Posts tagged 'philosophy'
During my recent travels, I’ve spent a fair amount of time looking at statues of the Buddha. Doing so, I found myself marveling at the parallels between the physical characteristics of those depictions and the moral and ethical ideas that underpin his teachings. The kindness in the eyes, the relaxed posture that radiates with grace and dignity, the faint smile signaling deep calmness. But I also couldn’t help consider what it is that sets Buddhist philosophy apart from other religious or spiritual doctrines.
If you’re reading this, the mounting news of apparent breakthroughs in generative AI have surely not passed you by: Tools that can compose music, write code, paint pictures, and genuinely seem to be smart enough to pass various state exams have become publicly (and mostly freely) available in a surprisingly short timespan. This wave of commoditization has also shed the light of public discourse onto debates about AI safety which had, until now, been confined to relatively small, mostly academic circles.
Almost three years ago, Covid-19 began to manifest itself as a global, historical turning point. Since then, its far-reaching consequences have been analyzed and written about in much detail. Despite an abundance of insightful pandemic stories on an institutional as well individual level, I feel compelled to provide one more personal anecdote. Not because I’m looking for praise for the few hours of weekly voluntary work I that I’m doing since then.
Meditating comes with an interesting side effect: When you’re sitting still and observing your own thoughts, you slowly start to appreciate how weird and quirky your mind actually is. That can be scary at times—for instance, you realize how little control “you” ultimately have over what’s going on in there. But it can also be highly instructive. One interesting thing I’ve come to notice, during as well as outside of formal meditation sessions, is how much the degree to which I feel “fidgety” varies from day to day and even from one situation to the next.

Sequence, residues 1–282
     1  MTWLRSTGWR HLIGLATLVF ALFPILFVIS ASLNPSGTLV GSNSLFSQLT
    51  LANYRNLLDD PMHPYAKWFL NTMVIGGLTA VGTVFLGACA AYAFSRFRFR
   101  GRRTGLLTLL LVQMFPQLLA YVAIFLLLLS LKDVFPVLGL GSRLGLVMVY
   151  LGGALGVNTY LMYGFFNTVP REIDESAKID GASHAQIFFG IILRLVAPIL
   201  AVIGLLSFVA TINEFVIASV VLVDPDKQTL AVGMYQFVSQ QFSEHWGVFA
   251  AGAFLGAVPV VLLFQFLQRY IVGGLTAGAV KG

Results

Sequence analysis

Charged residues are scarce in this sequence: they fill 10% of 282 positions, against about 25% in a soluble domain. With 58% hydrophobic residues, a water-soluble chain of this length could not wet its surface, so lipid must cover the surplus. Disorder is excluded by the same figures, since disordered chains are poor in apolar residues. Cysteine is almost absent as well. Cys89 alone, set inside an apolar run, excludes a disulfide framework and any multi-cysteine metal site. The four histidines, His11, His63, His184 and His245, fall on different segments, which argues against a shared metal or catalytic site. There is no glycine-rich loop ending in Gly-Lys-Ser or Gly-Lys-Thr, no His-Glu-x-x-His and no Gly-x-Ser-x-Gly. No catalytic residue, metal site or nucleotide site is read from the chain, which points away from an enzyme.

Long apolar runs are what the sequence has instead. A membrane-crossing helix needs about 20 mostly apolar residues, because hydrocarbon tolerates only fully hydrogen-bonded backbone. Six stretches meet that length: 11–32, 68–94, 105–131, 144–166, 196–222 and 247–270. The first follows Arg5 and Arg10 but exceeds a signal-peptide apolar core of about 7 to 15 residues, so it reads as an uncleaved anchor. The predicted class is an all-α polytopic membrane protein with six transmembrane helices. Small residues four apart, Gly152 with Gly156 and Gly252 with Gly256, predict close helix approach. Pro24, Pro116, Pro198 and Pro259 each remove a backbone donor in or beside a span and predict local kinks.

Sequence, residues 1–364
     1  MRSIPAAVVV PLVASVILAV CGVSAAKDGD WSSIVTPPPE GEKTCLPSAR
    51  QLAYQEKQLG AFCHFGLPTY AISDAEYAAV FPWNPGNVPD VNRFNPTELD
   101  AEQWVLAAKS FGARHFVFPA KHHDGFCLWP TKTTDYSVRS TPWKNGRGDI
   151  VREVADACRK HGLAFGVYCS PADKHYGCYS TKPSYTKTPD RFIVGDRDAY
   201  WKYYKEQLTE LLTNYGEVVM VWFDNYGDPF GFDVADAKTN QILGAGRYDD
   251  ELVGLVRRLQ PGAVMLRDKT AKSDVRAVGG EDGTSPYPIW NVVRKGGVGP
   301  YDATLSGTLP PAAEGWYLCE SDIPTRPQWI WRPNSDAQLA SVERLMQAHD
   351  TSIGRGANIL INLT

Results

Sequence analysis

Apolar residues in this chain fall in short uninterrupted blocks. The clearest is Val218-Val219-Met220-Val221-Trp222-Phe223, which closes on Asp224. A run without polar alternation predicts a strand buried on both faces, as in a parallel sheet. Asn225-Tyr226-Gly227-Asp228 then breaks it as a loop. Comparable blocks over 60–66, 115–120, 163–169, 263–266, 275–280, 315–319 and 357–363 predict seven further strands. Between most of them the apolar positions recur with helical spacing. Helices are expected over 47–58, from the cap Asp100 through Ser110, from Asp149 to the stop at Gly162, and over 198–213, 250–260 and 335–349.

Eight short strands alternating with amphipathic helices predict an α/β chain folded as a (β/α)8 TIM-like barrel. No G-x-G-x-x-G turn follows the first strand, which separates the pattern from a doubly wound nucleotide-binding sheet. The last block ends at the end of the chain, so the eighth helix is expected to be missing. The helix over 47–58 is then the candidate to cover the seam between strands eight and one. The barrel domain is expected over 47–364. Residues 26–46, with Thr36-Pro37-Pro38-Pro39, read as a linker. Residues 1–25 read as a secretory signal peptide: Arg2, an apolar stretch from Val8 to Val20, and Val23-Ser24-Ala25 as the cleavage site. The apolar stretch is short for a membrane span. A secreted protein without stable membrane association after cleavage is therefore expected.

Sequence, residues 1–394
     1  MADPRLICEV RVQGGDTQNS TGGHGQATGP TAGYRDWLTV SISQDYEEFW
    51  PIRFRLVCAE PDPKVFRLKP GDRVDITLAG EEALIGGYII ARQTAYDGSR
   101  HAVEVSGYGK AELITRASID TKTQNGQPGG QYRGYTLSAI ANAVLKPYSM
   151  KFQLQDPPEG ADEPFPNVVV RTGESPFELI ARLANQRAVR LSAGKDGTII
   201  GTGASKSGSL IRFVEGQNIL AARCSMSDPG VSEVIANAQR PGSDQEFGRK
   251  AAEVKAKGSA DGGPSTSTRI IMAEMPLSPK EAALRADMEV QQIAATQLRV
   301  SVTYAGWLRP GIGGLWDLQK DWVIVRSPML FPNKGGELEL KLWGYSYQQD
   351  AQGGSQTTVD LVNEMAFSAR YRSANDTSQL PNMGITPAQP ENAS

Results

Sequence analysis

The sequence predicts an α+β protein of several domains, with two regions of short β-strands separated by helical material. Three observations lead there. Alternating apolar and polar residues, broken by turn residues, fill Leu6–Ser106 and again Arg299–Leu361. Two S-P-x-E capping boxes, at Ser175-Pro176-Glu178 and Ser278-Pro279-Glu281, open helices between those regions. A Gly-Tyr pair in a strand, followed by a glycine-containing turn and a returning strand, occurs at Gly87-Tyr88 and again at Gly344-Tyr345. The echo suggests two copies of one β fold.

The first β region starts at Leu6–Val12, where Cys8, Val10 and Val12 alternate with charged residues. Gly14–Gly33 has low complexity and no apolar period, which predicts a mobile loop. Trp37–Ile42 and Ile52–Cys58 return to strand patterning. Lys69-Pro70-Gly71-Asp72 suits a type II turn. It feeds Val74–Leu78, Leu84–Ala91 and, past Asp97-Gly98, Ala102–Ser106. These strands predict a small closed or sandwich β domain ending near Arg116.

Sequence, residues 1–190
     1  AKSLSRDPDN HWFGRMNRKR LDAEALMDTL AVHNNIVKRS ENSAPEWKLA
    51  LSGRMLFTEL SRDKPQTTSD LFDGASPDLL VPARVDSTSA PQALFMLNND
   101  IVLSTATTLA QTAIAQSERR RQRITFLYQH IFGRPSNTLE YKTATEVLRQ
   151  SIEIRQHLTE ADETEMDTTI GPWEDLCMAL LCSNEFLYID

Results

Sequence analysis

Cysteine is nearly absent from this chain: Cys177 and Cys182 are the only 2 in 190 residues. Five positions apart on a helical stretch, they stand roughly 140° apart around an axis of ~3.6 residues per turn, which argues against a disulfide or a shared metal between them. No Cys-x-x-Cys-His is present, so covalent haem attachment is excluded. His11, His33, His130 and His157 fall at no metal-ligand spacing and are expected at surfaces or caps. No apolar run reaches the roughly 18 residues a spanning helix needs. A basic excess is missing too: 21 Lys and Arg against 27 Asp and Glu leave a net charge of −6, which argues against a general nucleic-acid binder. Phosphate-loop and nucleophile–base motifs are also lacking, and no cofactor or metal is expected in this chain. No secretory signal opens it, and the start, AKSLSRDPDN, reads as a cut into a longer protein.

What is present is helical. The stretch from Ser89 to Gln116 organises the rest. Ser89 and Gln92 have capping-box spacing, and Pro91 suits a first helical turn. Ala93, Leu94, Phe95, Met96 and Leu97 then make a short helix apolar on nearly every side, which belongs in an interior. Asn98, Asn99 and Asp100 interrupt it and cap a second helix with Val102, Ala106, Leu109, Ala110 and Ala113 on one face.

I have referred to my meditation practice a few times now, but I realize that I never actually explained what I even mean by that. So, what is it that I do when I say I meditate? Why do I do it in the first place? And is it really worth the hassle? First, let me clarify what meditation, to me, is certainly not: It’s not “sitting around and thinking hard about a problem”—even though the term is frequently used in that sense in everyday language.
One thing that never fails to astounds me is how far the boundaries of possible human experiences extend. The label “beyond good and evil” is certainly overused these days, but lets try to take the idea seriously for a moment: What do experiences look like that are so totally incomprehensible that you can’t even begin to speak about them, let alone chart them on a mental map. Think of the comfort zone model for example:
More than a year ago, I published this blog post about my daily routine. Since then I’ve received a lot of feedback, ranging from curiosity to mild encouragement to raised eyebrows. In essence though, the comments most people brought up boil down to three things: “This kind of lifestyle seems dull / repetitive / strenuous / masochistic. How do you find any joy in that?” “Isn’t it all just a fluke?